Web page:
It is a well-known fact that the data that you produce as a life science organisation is often as valuable as the product that you are researching or manufacturing.
Data is, as the world renowned Clive Humby appropriately said in 2006; the new oil. So, it stands to reason that data in your care should be handled as such, refined, preserved and available at point of need regardless of format.
The increasing amounts of disparate data, and an increasing number of systems and partners to manage, the ability to centralise and manage data for the long term is more challenging than ever.
In regulated markets, the problem of managing data becomes even more complex as you have to maintain compliance of that data for decades and continue to meet regulatory requirements at all times, regardless of if you interact with the data or not.
In order to ensure that your research data does not become a liability you need to ensure that you are treating archived data with the same importance and strict controls as your live data.
How can my data be a liability?
When life sciences organisations acquire assets such as trials, compounds, research or even entire companies (or in fact are acquired themselves) there tends to be a lot of data which needs to be consolidated into their current data estate. If this data is not consolidated it can become a liability when it comes to proving regulatory compliance, having your research data audited, or using the data for further scientific study.
Idorsia Pharmaceuticals in Switzerland had this challenge. Idorsia had been created as a completely new company and required an e-archive solution to not only store a large amount of its data but also to provide secure access for future use.
The data includes previous Actelion data, data relating to inherited products returning from CROs and service providers, as well as data being generated by Idorsia itself. Read more about their story here.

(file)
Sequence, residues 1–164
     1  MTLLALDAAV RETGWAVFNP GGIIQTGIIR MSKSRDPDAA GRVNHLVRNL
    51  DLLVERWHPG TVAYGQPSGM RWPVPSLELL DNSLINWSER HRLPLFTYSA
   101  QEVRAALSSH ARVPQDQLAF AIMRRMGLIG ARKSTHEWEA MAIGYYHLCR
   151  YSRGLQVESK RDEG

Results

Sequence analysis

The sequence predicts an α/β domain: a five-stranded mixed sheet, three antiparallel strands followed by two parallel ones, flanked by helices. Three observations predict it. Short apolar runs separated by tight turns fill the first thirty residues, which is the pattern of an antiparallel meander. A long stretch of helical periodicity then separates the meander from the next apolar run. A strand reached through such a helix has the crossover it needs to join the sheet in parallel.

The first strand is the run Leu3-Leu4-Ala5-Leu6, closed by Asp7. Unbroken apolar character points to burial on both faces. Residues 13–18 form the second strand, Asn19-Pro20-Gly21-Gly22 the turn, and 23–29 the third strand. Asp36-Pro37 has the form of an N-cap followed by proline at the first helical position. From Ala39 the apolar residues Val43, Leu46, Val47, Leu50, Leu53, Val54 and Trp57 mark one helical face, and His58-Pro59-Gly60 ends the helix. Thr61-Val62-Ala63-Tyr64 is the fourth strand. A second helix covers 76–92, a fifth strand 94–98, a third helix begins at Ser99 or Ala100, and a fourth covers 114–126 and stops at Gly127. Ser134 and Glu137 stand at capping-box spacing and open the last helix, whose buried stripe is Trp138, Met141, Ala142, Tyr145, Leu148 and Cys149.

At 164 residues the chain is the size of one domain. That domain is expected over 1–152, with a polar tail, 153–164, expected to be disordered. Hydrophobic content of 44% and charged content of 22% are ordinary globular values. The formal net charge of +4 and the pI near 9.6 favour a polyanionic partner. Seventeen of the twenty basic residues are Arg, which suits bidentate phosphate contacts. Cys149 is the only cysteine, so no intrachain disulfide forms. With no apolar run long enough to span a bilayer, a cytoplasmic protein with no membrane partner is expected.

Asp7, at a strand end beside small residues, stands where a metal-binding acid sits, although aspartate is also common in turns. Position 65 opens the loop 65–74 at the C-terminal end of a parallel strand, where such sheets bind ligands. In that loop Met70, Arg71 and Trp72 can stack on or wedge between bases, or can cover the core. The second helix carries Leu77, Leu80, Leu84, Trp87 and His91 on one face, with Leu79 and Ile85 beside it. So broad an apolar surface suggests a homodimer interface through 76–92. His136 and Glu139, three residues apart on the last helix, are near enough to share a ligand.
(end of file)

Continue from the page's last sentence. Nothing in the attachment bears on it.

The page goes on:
Data generated by devices
A lot of data generated in research organisations is from devices used within the laboratory, this could be devices for research in genomics, chromatography, mass spectrometry etc etc. We’ve seen many organisations unsure of the most appropriate way to archive these records and often simply ‘archive’ them within live systems.
This creates a huge problem as the sheer volume of data you are dealing with is increasing at a fast rate. When data is held in multiple different systems it is difficult to prove compliance and to re-use the data for further scientific study.
In order to ensure that your research data is accessible, reusable and compliant, you need to remove data silos and build a sustainable, centralised data management strategy. This ensures that you make their research data more usable for further research and discovery purposes, and easily reportable and shareable.
Oncologica, a precision oncology profiling company and Contract Research Organisation develops precision oncology solutions to personalize cancer treatments. Oncologica are implementing a long-term data management system to manage its regulated genomics and patient data, generated by Thermo Fisher’s Ion GeneStudio S5 next-generation sequencing (NGS) system.
Conformance to data standards
The liability in all of the above situations comes down to the highly regulated nature of the data that Life Sciences organisations are creating. With a number of regulations that need to be considered (MHRA GxP guidelines on Data Intregrity, FDA 21CFR11, privacy regulations such as GDPR) it is important to ensure that any data is managed properly.
If an inspection is triggered, how quickly and completely can you pull together the information required to share with the inspector? How confident are you that the information compiled will meet the regulator’s requirements? For example, can you attach complete email trails from 10 years ago and match it with corresponding eSignatures? There is a lot to consider.
Contact us to see to find out how a digital archiving and preservation solution can help your organisation.